RJ Race Cars Breathes New Life Into Outlaw 632 ’69 Camaro

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RJ Race Cars Breathes New Life Into Outlaw 632 '69 Camaro


When Outlaw 632 competitor Brett Newell found himself with traction and handling issues with his beloved ’69 Camaro — through a combination of age, wear and tear, and the stress of more and more horsepower — he decided to take action. Newell called on Rick and Rickie Jones and the team at RJ Race Cars and Quarter-Max Chassis & Racing Components to help him find a solution, and transported the Camaro from Florida to RJ Race Cars’ facility located in Galesburg, Illinois.

As Rickie Jones shares, upon arrival the team at RJ conducted a thorough inspection of the car and all of its suspension and safety components, and found it was a really nice car that just needed to be updated with stronger components to handle the stress of the power and the weight being applied to it. At 3,000-pounds and producing 1,800-plus horsepower, the upgrades included a whole new rear suspension from Quarter-Max, including a 2-inch splined anti-roll bar, four-link brackets with doubler plates, 1-5/8-inch four-link bars and rod ends, custom fabricated floater rear end housing with billet adjustable shock mounts, axles, brakes, wishbone with 1-1/4-inch slide tube and billet mounts, wheelie bars, chassis X bracing, and a new larger safety window net.

After fabrication, paint, and assembly was finished, the RJ team performed a complete chassis setup which included the four-link, shocks, struts, ride heights, ballast adjustments, scale sheet, and front end alignment.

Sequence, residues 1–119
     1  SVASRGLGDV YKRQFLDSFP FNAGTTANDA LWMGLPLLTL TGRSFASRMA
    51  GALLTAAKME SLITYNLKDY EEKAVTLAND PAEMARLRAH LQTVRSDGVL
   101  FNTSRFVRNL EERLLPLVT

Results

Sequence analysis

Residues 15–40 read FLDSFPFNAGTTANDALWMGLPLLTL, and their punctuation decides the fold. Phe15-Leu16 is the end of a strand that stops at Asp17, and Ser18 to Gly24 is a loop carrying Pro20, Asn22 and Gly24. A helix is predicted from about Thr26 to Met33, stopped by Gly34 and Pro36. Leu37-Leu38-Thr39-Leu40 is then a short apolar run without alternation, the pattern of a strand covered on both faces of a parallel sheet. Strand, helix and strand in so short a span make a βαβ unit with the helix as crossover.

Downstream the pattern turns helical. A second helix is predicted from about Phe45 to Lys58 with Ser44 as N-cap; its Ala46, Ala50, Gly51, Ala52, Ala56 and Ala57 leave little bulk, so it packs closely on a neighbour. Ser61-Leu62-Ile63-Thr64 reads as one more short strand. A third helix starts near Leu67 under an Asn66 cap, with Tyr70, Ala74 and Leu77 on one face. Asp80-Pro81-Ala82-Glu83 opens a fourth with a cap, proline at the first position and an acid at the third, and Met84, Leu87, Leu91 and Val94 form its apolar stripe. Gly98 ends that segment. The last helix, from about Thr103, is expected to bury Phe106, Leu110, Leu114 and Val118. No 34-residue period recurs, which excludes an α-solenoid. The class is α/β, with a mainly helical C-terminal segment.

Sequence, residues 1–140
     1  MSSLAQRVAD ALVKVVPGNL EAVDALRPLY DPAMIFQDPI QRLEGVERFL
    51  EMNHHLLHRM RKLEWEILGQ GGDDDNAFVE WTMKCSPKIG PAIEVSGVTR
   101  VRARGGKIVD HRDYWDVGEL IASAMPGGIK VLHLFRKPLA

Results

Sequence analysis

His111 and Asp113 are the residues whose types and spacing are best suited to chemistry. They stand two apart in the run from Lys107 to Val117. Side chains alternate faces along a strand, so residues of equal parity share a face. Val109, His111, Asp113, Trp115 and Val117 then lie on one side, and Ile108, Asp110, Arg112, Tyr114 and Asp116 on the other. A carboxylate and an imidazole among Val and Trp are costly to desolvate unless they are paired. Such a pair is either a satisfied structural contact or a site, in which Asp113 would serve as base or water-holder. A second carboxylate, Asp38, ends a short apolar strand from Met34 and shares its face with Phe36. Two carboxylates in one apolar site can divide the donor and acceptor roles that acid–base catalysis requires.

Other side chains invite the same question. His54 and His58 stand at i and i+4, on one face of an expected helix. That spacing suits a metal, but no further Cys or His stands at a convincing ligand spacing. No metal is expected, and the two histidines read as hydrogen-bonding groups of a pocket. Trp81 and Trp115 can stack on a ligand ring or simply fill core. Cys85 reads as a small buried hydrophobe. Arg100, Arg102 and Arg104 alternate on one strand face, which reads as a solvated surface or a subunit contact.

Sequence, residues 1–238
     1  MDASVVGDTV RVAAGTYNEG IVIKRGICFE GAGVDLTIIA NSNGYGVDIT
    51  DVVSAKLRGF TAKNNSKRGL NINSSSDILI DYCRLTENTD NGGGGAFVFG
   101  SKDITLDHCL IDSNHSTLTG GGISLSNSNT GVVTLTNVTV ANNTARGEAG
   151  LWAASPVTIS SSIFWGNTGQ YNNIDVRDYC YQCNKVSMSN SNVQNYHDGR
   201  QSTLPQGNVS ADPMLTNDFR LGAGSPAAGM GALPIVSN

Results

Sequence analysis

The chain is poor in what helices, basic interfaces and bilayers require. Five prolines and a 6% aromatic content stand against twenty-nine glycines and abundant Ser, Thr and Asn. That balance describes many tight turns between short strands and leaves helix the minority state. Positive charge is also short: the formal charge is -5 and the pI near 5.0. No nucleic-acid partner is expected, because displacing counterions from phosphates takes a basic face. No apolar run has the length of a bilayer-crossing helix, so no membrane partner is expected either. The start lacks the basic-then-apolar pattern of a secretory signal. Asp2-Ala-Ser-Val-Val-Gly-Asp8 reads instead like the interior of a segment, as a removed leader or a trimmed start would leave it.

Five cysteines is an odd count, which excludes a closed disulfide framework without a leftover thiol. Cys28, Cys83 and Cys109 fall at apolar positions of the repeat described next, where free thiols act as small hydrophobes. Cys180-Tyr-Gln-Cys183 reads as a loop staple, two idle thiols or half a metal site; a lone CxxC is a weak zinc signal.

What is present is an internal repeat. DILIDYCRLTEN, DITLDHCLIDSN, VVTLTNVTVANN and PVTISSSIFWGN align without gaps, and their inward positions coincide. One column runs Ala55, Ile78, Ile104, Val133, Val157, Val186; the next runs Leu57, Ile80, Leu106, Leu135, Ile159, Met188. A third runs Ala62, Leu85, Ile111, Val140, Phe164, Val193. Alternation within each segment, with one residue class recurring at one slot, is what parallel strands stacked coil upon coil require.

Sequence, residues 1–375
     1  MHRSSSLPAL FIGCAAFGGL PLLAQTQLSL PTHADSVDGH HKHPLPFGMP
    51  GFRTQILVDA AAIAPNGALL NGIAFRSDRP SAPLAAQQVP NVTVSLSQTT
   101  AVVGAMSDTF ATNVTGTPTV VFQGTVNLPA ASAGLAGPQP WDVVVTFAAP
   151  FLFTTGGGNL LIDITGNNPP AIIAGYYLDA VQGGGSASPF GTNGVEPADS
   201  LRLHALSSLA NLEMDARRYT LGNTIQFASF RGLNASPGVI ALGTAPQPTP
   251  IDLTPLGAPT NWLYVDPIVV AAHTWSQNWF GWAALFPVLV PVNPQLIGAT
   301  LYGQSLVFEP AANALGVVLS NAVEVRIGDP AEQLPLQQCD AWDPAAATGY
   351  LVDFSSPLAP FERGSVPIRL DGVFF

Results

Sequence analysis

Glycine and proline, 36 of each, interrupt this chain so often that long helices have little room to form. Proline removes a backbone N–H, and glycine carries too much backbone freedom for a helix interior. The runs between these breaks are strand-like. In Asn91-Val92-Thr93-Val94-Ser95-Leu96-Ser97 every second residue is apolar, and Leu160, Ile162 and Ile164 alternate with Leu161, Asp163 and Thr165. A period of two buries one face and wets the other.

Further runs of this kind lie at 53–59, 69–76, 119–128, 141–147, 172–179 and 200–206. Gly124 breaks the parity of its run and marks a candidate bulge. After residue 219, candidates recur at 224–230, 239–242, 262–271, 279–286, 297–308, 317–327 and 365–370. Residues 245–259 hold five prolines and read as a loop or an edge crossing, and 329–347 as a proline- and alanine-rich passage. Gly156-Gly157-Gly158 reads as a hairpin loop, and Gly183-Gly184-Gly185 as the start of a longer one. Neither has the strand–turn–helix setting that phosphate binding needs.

In order to tune the chassis better at the racetrack, a front ride height laser sensor along with shock travel sensors in the front and rear were added to the car’s existing Racepak data system. The new sensors were installed on the car and then programmed into Brett’s laptop while he was on site.

 

With that, Brett’s car is now beautifully updated with all of the suspension components needed to be solid, safe, and consistent, with the adjustability and the data required to manage all that power between the framerails.

“There are so many old cars like this. This is real car with a steel-body and a chassis from 15 years ago, and it’s heavy. There are so many racers upgrading the engine, and upgrading the engine again, and next thing you know, you’ve added all this power and it’s not going faster, or it’s all over the place,” Jones explains. “And sometimes when you really get underneath them, they’re not safe. This car was actually starting to egg-shape the holes in the four-link brackets…we’ve seen other cars rip a four-link out, because they just had old brackets on them and weren’t built for the power.”

“This car showcases what we do — that we don’t just build Pro Mods, but that we can take cars like this and work on them,” Jones continues. “The customer was actually hesitant to call us and ask, because the thought we were were builders for Pro Stock and Pro Mod cars and that he was just a nobody. He said, ‘you probably don’t even want to work on my car,’ and I said, ‘no way, we absolutely want to work on it.’ There were a few things that were starting to fail on it, so we went through and updated everything that we saw a need for. This car is like his baby, and a lot of racers are they way…their car is them. They ant to enjoy it, they want to keep it, and he was at a point that it was no longer fun. because he was struggling. And the last thing you want to do is get frustrated and not want to go racing and sell the car you love. And we love working on those cars, to make them safer and more reliable.”

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